In a July 25th meeting of the Progressive Democrats of America Roundtable in Washington, D.C., Congressman Keith Ellison (D-MN) was discussing fiscal and budgetary shortfalls when he said:
"The bottom line is we're not broke, there's plenty of money, it's just the government doesn't have it."
Though Ellison doesn't appear to be concerned by the ever-increasing debt, many at the Congressional Budget Office (CBO) are, as they have repeatedly warned that unless current policies change, budgetary shortfalls will continue to climb over the next decade. "Such high and rising debt," they contend, "would have serious negative consequences," including:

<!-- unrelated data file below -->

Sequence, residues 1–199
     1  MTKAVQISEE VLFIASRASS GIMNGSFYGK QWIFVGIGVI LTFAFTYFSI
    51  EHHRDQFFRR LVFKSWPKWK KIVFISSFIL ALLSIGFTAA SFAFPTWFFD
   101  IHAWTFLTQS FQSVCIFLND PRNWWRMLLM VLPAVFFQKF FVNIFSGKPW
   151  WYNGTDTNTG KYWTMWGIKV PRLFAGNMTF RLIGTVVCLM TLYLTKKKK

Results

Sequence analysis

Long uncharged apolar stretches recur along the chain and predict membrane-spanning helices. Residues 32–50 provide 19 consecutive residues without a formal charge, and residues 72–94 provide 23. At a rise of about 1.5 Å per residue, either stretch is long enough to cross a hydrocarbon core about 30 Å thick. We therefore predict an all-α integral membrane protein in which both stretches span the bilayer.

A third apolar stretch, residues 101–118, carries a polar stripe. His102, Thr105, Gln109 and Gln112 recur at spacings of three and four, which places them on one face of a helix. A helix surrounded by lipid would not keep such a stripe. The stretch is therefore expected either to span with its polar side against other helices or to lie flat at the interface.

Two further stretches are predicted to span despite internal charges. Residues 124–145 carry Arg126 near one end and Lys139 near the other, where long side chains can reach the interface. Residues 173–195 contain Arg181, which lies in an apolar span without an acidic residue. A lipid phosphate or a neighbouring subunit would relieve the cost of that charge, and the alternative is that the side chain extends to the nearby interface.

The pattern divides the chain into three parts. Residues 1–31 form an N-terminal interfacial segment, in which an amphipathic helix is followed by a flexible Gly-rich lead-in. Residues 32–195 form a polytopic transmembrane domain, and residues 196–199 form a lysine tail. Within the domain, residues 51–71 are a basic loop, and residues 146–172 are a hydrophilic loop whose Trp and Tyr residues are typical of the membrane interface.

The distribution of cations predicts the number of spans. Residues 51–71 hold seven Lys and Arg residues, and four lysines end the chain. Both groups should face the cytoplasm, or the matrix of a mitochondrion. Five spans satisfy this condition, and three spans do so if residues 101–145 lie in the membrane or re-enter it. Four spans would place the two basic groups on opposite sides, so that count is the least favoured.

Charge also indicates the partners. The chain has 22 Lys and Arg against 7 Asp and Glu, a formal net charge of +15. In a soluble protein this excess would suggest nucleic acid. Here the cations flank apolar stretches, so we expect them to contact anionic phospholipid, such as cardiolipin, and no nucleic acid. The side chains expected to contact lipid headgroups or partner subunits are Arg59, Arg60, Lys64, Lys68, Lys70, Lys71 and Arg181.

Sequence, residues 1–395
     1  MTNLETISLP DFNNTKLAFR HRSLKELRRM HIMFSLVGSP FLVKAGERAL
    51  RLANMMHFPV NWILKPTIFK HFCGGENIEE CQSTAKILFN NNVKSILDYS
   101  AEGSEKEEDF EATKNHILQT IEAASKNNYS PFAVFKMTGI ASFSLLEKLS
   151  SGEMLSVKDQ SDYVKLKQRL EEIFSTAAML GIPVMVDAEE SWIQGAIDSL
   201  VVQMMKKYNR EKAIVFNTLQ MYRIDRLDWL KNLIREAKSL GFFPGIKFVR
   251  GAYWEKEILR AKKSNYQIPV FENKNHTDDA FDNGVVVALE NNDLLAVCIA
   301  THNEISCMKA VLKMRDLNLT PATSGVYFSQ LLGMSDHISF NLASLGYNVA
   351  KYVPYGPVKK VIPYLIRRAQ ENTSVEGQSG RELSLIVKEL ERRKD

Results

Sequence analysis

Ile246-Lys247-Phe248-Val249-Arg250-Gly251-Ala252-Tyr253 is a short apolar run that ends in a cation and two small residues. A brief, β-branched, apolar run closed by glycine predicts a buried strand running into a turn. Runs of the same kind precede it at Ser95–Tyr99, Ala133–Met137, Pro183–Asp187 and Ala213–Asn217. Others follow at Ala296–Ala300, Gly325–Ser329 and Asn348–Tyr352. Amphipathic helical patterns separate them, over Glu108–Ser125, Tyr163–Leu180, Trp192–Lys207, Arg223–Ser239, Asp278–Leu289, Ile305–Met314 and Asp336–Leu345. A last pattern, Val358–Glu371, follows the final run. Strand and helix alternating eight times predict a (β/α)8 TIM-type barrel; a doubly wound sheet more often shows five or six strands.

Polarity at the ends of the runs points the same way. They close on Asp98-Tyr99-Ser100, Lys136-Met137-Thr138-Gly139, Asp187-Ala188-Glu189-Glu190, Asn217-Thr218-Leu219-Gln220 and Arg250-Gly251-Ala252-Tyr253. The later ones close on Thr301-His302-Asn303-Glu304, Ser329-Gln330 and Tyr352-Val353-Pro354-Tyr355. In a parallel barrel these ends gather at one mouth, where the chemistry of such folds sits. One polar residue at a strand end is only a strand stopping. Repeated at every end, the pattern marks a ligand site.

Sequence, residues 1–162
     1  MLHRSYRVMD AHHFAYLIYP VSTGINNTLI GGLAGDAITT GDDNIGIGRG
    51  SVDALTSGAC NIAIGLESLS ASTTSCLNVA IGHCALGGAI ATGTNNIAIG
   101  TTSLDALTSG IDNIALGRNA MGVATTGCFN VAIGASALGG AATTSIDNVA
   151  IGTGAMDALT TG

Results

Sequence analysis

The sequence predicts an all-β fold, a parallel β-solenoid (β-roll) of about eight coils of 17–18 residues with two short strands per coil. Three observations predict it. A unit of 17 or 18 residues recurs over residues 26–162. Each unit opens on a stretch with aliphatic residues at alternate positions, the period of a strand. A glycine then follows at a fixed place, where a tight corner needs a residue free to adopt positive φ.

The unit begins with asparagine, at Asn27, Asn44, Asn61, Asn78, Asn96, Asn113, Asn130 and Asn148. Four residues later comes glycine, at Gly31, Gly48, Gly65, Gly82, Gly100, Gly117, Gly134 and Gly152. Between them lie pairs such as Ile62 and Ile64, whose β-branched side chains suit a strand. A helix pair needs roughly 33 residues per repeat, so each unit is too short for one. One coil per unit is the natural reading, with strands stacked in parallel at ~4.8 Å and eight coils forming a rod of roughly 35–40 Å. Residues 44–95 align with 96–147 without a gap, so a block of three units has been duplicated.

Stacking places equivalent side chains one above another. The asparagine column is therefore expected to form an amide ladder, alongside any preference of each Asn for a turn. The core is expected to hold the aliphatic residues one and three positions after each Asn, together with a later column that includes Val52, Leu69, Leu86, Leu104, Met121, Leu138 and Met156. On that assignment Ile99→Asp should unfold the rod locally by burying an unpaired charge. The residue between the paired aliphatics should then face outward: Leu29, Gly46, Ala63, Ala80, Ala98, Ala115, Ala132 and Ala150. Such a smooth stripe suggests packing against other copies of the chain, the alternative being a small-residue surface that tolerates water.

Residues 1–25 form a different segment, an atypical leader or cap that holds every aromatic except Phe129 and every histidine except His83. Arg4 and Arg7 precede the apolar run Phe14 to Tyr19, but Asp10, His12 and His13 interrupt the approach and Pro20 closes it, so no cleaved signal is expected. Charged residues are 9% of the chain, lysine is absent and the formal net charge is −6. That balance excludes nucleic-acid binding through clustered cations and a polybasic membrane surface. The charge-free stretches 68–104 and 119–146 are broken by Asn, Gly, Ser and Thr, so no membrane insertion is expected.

- Increased federal spending on interest payments;
- Reduced national saving due to higher government spending;
- Smaller capital stock;
- Lower total wages;
- Less flexibility for lawmakers on tax and spending policy; and
- Increased risk of future fiscal crises.
Rep. Ellison has proposed a solution to ensure that the government does recapture some of that money it "doesn't have" at the moment. He introduced H.R. 1579, the Inclusive Prosperity Act of 2013, in order to institute a new tax on certain securities transactions. Ellison contends that this could raise upwards of $300 billion per year.
The Congressman's proposal is a form of transaction tax, which is one of the reform options that NTUF polled our members and associates on during our Milton Friedman Legacy Day event. It was not as popular with the taxpayers we spoke to as the FairTax and Flat Tax, two other options that tap into consumption instead of income.